by Kelley Armstrong
Publisher: Doubleday Canada
Reading level: YA
Book type: prose novel
Chloe Saunders is fifteen and would love to be normal. Unfortunately, Chloe happens to be a genetically engineered necromancer who can raise the dead without even trying. She and her equally gifted (or should that be 'cursed'?) friends are now running for their lives from the evil corporation that created them.
As if that's not enough, Chloe is struggling with her feelings for Simon, a sweet-tempered sorcerer, and his brother Derek, a not so sweet-tempered werewolf. And she has a horrible feeling she's leaning towards the werewolf...
Definitely not normal.
(synopsis from Goodreads)
I'm at a loss as to how to review this book without revealing a major spoiler. I don't think it's possible to review it at all otherwise, so here goes:
SPOILERS AHEAD! READ AT YOUR OWN RISK!
I did not really like this third instalment of the Darkest Powers trilogy. Why? Because, after nearly 400 pages, the situation the kids found themselves in was not much different than the situation they were in at the end of The Awakening. They're still on the run and in hiding, only now it's from a different group of villains. Character development didn't go anywhere (except for some tantalizing hints about Derek that weren't taken further; I would have much rather read a story about him than about the one-dimensional Chloe Saunders). It appears that the author intends to tie this trilogy with another one (the Darkness Rising trilogy, which starts with The Gathering), which is one of the reasons given for the ambiguous ending of The Reckoning. I'm sorry, but I don't like that at all. It's a cop-out. I don't want to have to read another whole trilogy just to get some resolution for this one! A trilogy should be self-contained.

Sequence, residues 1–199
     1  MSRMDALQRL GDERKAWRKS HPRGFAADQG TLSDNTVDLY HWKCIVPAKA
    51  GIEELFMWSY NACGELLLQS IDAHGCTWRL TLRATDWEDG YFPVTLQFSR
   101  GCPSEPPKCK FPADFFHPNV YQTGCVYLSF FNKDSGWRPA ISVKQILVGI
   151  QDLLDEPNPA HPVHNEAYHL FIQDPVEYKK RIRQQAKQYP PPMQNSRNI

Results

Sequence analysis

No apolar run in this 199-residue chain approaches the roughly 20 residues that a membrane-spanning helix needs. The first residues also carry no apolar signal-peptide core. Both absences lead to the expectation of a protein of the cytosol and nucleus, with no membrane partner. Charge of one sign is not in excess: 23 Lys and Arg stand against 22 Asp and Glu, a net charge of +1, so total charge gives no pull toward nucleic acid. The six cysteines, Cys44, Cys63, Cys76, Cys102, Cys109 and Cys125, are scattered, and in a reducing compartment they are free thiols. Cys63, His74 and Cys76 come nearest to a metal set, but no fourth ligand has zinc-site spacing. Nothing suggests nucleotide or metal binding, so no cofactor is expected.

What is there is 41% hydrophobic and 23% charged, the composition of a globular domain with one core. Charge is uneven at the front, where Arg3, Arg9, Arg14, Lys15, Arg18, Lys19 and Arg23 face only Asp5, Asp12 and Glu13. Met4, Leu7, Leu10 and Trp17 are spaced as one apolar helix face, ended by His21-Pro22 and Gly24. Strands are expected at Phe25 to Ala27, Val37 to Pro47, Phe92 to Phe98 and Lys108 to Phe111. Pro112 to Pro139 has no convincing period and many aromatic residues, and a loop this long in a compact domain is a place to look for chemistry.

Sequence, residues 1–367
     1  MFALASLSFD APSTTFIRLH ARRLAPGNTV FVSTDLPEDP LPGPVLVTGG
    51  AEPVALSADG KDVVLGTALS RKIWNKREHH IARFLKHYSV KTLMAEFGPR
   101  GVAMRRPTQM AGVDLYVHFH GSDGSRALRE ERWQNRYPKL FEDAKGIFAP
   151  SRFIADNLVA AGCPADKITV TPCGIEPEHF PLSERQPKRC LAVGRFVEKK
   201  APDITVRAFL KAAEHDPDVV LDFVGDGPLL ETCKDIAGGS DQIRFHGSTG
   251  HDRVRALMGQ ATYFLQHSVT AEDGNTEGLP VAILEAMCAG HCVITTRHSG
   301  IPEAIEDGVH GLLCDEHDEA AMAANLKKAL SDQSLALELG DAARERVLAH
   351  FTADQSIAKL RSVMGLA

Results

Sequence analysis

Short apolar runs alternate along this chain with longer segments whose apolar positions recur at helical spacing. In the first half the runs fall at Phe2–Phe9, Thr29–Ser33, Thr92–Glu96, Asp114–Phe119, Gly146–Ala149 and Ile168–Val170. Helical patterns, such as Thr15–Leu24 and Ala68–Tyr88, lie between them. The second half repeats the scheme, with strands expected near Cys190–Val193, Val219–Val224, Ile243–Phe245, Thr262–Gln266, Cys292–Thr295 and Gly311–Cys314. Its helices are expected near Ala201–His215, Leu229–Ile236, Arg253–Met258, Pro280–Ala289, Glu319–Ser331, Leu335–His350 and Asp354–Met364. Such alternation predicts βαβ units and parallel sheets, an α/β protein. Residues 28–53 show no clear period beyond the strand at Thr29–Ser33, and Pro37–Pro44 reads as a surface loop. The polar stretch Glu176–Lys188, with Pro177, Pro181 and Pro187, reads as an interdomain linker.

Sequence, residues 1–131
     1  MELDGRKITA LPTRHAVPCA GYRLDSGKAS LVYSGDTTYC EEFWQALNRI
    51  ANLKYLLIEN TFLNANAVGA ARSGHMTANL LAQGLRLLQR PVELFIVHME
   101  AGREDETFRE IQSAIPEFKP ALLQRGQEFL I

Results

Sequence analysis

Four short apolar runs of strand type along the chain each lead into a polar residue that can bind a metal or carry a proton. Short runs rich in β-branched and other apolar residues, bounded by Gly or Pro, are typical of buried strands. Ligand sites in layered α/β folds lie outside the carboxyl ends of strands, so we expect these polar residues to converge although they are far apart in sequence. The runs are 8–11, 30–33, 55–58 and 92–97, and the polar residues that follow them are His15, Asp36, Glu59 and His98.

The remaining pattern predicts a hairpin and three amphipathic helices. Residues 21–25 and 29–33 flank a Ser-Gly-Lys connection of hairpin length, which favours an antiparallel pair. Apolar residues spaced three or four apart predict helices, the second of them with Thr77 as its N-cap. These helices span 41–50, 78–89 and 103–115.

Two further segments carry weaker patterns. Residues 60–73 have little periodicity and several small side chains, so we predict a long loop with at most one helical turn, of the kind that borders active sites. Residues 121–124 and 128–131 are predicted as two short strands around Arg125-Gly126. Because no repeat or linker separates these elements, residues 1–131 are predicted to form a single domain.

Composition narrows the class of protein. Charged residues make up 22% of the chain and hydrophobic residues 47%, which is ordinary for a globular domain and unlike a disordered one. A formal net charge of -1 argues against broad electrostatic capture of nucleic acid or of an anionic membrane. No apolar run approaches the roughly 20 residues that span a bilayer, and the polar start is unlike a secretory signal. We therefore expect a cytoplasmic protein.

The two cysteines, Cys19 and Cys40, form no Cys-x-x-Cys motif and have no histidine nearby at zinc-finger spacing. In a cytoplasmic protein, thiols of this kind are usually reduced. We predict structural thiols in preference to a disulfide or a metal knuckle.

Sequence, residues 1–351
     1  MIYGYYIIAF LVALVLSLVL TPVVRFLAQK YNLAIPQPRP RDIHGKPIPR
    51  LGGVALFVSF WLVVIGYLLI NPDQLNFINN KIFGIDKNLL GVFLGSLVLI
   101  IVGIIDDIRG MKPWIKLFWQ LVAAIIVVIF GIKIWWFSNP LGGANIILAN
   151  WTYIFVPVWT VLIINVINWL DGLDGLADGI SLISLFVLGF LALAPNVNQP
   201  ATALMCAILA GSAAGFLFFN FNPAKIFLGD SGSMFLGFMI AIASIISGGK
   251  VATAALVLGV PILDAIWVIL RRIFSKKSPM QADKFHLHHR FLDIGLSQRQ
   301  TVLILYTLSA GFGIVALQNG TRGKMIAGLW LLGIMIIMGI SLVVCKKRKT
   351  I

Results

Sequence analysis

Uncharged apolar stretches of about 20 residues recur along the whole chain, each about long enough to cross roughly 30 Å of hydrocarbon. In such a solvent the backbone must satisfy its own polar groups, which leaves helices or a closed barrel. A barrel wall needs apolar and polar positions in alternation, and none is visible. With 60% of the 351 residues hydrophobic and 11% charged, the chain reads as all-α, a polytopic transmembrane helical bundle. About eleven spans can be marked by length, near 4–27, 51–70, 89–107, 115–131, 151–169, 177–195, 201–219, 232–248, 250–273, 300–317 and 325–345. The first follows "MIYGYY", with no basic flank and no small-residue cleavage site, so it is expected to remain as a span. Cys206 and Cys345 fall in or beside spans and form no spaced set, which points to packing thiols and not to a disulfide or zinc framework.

If you're interested in reading the second trilogy, you might like this book, but I've had enough of the boring plot line ("evil scientist dudes want to kill supernatural kids"). I'm done with this trilogy, and I think I'm done with this author, too.
Overall: 3 out of 5